Federal officers can be aggressive when investigating suspected cases of white-collar crime such as fraud. They may appear unannounced at the doors of your business, asking if they can interview you or search your office records. They may even assure you that you are not the target of the investigation.
Should you let them in? What if you have nothing to hide?
Talking to federal officer without legal advice can be hazardous to your business and your freedom. Even if you feel you have done nothing wrong, allowing federal officers to enter your business without a search warrant is a mistake. What you don't see as a problem could be a crime in the eyes of the federal government.
It never pays to talk to investigators before you have talked to a lawyer. Here are just a few things that can go wrong:
- Investigators could take equipment and records you need to conduct your business.
- You or people who work for you could make statements the federal government considers incriminating.
- If you make a false statement, you could be charged with the crime of lying to a federal law enforcement officer. Just ask Martha Steward where this can land you.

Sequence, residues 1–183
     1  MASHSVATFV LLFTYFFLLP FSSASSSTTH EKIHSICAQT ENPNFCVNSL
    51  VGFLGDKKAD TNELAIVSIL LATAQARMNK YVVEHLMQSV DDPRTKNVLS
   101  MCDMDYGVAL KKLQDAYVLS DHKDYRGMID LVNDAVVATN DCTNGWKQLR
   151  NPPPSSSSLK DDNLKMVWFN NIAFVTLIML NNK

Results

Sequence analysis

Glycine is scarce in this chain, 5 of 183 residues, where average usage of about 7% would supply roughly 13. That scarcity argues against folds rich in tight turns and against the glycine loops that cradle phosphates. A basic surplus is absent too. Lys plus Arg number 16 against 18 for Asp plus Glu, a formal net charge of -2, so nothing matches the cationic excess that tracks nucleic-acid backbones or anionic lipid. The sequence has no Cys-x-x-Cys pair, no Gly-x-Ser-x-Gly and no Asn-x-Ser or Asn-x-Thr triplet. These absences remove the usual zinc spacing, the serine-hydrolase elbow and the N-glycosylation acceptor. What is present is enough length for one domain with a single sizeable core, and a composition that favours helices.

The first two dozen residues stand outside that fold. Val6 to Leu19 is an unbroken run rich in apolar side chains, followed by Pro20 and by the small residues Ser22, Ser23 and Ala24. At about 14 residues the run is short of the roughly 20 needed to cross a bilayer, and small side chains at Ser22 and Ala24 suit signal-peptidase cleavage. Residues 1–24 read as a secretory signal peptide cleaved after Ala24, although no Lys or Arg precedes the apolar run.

Federal investigators can seem both friendly and threatening-friendly if you cooperate, threatening if you don't give them what they want. The best response to either approach is to be courteous and to say that your attorney does not want you to give interviews or allow law enforcement officer onto the premises without legal counsel.
Even if the law enforcement officer assures you that you are not the target of the investigation, that can change in the course of the investigation. Some business owners start out as witnesses and end up as defendants in criminal cases.
To protect yourself, seek legal advice from an attorney who regularly defends people accused of federal crimes.